The comments that came after the "but" showed just how much an Orthodox Jewish vice president with close ties to Israel could have an impact far beyond the United States borders: Israelis could barely contain their glee, Arabs their anxiety.
"He is a declared Zionist and has visited Israel many times and is a great friend to the state of Israel," said Moshe Arens, a legislator with the hard-line Likud party.
Lieberman is "knowledgeable about Israeli politics and the Middle East," said Efraim Innbar, a political science professor at Bar-Ilan University near Tel Aviv.
The two are distant relatives - Inbar's great-grandmother was a sister of Lieberman's grandmother - and meet at least once a year in Washington. Lieberman uses Inbar as a source for news and analysis about Israel.
Inbar said Lieberman's most noticeable traits are his warmth, intelligence and sense of humor. "He likes jokes about politics and politicians," Inbar said.
Hanan Ashrawi, a frequent spokeswoman for the Palestinians, said she hoped a future Gore administration would be fair to all sides in the Middle East. "I just hope that issues of Israeli relations don't become paramount and that the Democratic Party and Mr. Gore will try to be evenhanded in the peace process," Ashrawi said.
Lieberman has a solid pro-Israel record: In 1997, after a wave of anti-Israel bombings, he was the only Democrat to join five Republican colleagues in describing Yasser Arafat as the "villain" of the peace process in a letter to President Clinton.
Lieberman's support didn't flinch even when former Prime Minister Benjamin Netanyahu's tough line was at odds with Clinton administration efforts to unfreeze the peace process: Twice he joined others in urging the president not to "pressure" Israel.
The Likud - now in opposition - had fond recollections of Lieberman's friendship.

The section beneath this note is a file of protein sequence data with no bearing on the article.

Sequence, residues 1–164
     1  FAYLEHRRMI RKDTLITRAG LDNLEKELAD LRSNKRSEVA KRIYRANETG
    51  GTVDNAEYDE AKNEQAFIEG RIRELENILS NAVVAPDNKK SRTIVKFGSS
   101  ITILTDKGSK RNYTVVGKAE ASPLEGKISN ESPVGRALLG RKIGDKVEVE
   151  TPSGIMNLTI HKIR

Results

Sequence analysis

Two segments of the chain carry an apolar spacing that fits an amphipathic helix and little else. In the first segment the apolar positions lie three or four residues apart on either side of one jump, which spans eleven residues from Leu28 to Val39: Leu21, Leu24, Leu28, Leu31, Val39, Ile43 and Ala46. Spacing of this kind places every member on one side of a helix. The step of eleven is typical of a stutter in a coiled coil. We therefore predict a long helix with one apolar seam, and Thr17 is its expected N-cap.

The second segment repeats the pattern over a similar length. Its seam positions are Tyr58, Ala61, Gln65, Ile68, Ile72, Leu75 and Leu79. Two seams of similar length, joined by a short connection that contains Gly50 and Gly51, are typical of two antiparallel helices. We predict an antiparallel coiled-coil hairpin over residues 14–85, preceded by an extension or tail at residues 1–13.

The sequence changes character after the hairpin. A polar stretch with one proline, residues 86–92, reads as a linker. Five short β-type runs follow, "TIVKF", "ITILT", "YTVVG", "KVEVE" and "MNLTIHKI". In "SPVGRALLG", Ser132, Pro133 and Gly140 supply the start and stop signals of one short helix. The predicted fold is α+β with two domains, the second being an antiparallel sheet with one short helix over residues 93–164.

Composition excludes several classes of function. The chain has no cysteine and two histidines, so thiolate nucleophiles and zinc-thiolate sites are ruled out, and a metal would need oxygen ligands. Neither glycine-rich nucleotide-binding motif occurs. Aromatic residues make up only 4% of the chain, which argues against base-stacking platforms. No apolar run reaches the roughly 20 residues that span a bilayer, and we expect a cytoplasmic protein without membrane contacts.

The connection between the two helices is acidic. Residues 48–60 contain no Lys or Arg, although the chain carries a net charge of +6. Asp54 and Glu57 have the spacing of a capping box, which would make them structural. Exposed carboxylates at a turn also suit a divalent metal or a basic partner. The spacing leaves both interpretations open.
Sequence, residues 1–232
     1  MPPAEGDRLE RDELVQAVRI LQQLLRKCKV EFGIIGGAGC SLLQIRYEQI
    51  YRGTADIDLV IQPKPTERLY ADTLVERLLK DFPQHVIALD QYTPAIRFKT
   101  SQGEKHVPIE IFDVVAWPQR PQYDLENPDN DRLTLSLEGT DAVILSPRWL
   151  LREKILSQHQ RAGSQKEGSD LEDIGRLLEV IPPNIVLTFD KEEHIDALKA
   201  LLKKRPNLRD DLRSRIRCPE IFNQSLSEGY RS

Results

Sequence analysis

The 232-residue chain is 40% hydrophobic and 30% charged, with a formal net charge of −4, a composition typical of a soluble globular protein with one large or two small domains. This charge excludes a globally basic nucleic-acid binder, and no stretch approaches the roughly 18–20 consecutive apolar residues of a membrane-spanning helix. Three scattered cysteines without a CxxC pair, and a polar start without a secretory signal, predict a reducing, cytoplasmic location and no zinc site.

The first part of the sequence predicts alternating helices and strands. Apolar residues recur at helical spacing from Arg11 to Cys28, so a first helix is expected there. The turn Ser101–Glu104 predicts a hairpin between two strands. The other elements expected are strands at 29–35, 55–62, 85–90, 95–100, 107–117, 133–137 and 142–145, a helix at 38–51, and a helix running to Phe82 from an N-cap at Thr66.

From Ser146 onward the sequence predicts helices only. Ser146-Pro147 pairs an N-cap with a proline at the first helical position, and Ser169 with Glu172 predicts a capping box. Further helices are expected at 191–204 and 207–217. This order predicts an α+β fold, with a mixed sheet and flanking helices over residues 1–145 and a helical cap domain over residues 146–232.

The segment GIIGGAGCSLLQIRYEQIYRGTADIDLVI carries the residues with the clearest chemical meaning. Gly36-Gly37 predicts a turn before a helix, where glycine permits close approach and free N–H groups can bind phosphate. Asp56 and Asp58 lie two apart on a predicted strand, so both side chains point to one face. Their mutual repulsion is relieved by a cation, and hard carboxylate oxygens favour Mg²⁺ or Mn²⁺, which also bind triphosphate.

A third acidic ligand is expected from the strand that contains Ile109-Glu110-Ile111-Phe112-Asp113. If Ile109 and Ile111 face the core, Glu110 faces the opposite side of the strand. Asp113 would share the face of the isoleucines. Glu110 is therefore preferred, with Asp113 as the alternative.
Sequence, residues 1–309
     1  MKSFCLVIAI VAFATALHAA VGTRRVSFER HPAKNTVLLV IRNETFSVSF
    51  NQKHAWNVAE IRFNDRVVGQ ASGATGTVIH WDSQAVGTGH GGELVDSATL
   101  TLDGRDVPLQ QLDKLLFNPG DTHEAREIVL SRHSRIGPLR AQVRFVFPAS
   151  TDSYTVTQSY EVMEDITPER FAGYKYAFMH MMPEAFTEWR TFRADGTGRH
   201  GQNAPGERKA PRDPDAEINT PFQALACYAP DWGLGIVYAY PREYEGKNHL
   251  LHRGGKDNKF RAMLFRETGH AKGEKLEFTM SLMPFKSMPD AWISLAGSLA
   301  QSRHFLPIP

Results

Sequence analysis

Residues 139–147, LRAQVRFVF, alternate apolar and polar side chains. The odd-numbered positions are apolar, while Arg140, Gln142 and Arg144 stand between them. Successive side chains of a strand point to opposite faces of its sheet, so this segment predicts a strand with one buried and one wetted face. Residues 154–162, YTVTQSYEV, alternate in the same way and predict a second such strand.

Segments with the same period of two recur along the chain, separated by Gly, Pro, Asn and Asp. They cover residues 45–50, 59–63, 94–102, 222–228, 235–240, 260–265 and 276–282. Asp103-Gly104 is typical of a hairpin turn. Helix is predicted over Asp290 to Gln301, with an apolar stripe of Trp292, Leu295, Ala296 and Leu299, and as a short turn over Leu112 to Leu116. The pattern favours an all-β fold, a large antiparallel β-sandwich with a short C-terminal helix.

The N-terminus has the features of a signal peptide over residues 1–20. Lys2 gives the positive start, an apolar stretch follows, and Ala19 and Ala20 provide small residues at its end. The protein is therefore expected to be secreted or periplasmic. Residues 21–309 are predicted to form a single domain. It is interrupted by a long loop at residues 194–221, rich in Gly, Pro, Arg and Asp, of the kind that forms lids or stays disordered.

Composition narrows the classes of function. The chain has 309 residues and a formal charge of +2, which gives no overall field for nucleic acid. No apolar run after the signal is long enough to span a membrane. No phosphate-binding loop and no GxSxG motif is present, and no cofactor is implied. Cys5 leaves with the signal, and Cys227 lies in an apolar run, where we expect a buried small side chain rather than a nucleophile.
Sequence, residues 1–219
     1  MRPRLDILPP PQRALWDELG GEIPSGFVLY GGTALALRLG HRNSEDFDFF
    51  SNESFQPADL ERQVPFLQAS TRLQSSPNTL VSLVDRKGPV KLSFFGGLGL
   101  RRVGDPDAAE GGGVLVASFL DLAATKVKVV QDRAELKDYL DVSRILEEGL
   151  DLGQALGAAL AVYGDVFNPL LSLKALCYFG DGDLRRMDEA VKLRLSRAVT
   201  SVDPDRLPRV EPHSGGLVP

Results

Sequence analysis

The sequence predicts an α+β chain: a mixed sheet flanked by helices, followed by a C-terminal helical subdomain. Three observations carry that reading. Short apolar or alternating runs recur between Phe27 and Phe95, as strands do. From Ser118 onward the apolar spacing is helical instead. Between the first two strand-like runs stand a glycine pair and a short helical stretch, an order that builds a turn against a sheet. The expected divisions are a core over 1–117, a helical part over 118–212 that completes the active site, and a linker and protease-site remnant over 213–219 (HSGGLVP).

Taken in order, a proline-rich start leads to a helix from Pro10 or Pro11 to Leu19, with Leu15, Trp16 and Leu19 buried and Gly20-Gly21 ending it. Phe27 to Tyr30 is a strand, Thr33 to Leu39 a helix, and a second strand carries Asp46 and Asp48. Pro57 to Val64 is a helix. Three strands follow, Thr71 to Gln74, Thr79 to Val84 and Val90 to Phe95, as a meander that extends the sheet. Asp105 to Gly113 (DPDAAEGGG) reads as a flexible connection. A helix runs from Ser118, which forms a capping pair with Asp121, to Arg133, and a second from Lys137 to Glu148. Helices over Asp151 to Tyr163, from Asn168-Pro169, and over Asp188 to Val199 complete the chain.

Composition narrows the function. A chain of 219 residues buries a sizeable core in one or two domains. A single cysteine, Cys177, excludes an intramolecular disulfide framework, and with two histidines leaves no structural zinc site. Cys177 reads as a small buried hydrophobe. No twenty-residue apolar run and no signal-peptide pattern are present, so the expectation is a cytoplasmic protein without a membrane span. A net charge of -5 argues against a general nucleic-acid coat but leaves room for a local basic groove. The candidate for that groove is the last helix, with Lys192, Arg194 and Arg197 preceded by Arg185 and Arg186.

"I think that the friends of Israel in the United States have been given a strong ally who will be in the first row if he is elected," said Silvan Shalom, a Likud lawmaker trying hard to bring down Prime Minister Ehud Barak over the concessions Barak made at last month's Clinton-sponsored Camp David peace summit.
Such alliances rattled Arabs in the region.
"As Arabs, we do care that Lieberman represents the United States, not Israel, in the American administration," said Saleh Qallab, a former Jordanian information minister. Qallab worried that Lieberman's Orthodoxy could link him to extremist rabbis who have made comments about the Arabs criticized as racist. "If so, that would be a disaster."
Others who know Lieberman commended his ability to change his opinion - in 1999, for instance, Lieberman joined Clinton in leading a prayer breakfast at which Arafat was a star guest.
"He always listens, and he isn't afraid to change his mind," said Jim Zogby, president of the Arab-American Institute in Washington.
More significant for Israelis was the fact of a Jew nominated for the position often described as ``a heartbeat away'' from the leadership of the Western world.
Rabbi Michael Melchior, the Diaspora Affairs minister and the only government official willing to comment, prefaced his statement with the usual "I think that American politics should be left for Americans, but ... It is also a sign that the American society has matured enough to reach this point that a Jew like Joe Lieberman can achieve this candidacy for this high position."